- Associated Press - Sunday, March 16, 2014

WAYNESBORO, Va. (AP) - The Virginia Wildlife Center was formed to provide health care and rehabilitation to native animal species, while also aiming to educate the wider community about these species and teach people how to care for Virginia’s wildlife. Through externship programs, the center gives students hands on experience working with animals.

The center offers two types of externships, one with the outreach side of the center and one with the rehabilitation program.

“Both of them help us fulfill our mission of teaching people,” said Amanda Nicholson, director of outreach. “These are hands on training experiences, so we get current college students, a lot of recent graduates, and sometimes we get folks who are looking for a change of career.”

The center has both interns and externs, but differentiates them by the length of the program and how many responsibilities they have.

Nicholson explained that “we regard our interns more as staff members; they’re not a permanent long term position, but are typically one year positions. Interns have more responsibility and are essentially staff members. The externs are usually here for a shorter length of time, typically eight to 12 weeks. They’re here to get some hands on experience and then move on to get more experience, find a job, or continue their education.”

Nicholson added the Center’s most recent outreach extern is now working at Shenandoah National Park and some of their rehabilitation externs have gone on to get positions in zoos or other rehabilitation facilities.

Brittney Rogers, the center’s newest outreach extern, went to school at Oswego State University in New York and was working a seasonal job when she discovered the externship program at the Wildlife Center.

“Brittney’s job is very multifaceted; we have her doing writing, since that’s a good deal of what we do in the outreach department with our online education and our contact with supporters,” Nicholson said. “She’s also learning how to handle some of our different education animals because she also helps us lead tours and open houses.”

Part of the outreach externship is learning to handle and work with the education animals, like Pignoli or “Pig” the Red Faced Eastern Screech Owl. Pig was found in 2003 by railroad tracks in Charlottesville with severe head trauma. Veterinarians at the center had to remove his right eye because it was too damaged to repair.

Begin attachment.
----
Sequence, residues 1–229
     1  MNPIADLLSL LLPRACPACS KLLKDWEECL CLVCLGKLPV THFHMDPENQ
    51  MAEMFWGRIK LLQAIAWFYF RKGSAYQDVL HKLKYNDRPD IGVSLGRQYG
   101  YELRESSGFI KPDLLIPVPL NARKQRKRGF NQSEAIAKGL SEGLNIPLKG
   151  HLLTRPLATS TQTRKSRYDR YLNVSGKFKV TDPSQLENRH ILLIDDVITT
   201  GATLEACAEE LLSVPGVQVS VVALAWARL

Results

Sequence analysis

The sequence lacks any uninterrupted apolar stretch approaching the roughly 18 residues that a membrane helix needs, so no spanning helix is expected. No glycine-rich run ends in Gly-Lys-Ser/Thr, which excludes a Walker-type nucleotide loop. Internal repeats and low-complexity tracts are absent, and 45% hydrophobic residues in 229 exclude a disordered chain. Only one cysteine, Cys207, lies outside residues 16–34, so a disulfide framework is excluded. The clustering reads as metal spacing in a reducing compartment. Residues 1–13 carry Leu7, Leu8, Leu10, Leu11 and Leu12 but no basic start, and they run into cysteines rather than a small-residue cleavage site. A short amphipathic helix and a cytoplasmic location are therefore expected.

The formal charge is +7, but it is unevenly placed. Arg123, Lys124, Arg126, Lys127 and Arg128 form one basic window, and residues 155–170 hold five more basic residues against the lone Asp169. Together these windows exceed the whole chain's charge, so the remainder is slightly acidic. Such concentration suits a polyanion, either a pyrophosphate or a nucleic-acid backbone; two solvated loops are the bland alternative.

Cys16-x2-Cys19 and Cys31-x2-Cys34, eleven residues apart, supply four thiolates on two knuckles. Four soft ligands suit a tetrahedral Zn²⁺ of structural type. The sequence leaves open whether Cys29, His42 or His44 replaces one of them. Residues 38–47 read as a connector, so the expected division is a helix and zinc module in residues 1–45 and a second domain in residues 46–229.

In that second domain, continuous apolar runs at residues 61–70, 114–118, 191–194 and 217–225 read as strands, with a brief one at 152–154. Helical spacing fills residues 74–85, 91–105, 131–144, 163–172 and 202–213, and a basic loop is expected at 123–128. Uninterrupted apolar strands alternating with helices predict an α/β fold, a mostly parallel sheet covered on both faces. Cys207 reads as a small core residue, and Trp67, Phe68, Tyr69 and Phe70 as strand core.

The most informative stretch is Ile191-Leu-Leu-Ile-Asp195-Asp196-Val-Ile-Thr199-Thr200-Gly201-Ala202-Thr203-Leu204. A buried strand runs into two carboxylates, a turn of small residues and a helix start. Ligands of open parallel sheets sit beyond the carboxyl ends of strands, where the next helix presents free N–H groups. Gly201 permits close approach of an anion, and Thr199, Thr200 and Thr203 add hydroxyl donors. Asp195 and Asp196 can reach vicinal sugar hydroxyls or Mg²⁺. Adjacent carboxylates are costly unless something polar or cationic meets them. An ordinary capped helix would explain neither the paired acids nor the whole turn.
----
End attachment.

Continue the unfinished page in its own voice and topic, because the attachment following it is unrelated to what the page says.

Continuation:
The center was not able to release the owl once he healed because the damage to his left eye was too significant, leaving him unable to hunt sufficiently.

Balancing Pig on her gloved hand while walking the owl around, Rogers explained, that “you want the bird in a comfortable position on your hand.” Education birds must be comfortable with their handlers in order to travel with the outreach program to schools and other community environments.

Rogers also checked the owl’s health by learning how to weigh Pig and checking the amount of fat under his feathers. Placing her fingers under the bird’s chest feathers, Rogers touched the breastbone and felt how much fat was around it.

“We don’t really pet them or love on them at all, except when we need to feel the breastbone. A little extra fat this time of year is normal for these guys,” said Chapin Hardy, one of the center’s outreach coordinators.

Rehabilitation externs work even more closely with the animals, cleaning the enclosures, feeding animals, and exercising wildlife they hope to release back into the wild. Externs Erica Golden and Lori Sullivan work with and monitor the health of several animals including a grey faced eastern screech owl. Watching and encouraging the bird to fly, the externs looked and listened to the owl as it soars back and forth across a large enclosure.

“We’re looking to see if the bird gets good height and doesn’t fall, we’re also counting how many times it flies back and forth,” Sullivan said. “Some of the birds have a certain number of passes they need to make during the exercise period.”

“We’re also listening to see if he’s silent while he flies because owls have to be silent in order to catch prey,” Golden added. She noted the grey faced screech owl was not silent, probably owing to bent or broken feathers on its wings.

The rehabilitation externs are also responsible for cleaning and feeding many of the animals, including reptiles. In a small, hot and humid room, there are several tanks and enclosures including baby box turtles and a large snapping turtle. Served a salad of veggies including lettuce and carrots, the reptiles also get an enrichment ingredient that is different every day. These ingredients are things the turtles might find in their natural environment, including meal worms, mice, and crickets.

“It’s nice to see them recognize something new in their enclosure,” Golden said, as she placed a tray of food in the snapping turtle enclosure.

Sullivan also explained some of the aquatic enclosures must be cleaned every day and that rehabilitation externs were responsible for much of the caretaking tasks, like prepping food, sorting produce, and scrubbing enclosures. Golden added, “Lately, we’ve been cleaning out our incubators to get ready for baby season, when we’ll get a lot of baby squirrels and rabbits.”

Both outreach and rehabilitation externs work with wildlife and help the center educate the community about Virginia’s wildlife. The externs receive important hands on training and experience, and with these extra hands the Virginia Wildlife Center is able to help more wildlife animals in need. “It’s just really rewarding because some of these animals come in so sick or hurt and we help them get better,” Golden said.

For more information about the Virginia Wildlife Center or externship opportunities, visit wildlifecenter.org


Information from: The News-Virginian, https://www.newsvirginian.com

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